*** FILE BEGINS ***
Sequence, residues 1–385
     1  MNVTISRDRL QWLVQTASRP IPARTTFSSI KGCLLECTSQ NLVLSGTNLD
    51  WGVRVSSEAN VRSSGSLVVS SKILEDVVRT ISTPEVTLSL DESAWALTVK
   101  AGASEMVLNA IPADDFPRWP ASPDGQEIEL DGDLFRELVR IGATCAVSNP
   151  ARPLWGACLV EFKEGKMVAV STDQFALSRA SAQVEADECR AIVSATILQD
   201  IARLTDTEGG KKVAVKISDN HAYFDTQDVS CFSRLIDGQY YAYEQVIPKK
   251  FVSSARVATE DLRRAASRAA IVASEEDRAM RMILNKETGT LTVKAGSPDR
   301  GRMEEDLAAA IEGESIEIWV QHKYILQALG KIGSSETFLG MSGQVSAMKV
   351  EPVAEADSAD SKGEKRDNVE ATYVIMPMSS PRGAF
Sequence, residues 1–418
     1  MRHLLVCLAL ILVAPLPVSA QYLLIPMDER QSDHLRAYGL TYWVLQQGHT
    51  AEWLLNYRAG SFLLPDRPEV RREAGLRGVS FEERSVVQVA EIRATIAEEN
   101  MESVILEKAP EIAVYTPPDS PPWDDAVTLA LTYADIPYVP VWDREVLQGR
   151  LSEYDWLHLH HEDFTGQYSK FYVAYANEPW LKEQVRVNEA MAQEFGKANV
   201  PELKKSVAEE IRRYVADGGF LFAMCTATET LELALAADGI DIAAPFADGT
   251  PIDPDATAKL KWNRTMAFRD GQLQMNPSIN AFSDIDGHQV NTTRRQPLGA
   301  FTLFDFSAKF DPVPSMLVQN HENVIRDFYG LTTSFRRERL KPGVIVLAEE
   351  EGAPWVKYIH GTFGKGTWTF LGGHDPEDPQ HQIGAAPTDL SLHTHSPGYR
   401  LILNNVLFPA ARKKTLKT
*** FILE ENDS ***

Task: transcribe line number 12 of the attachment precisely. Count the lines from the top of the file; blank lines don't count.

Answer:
    51  AEWLLNYRAG SFLLPDRPEV RREAGLRGVS FEERSVVQVA EIRATIAEEN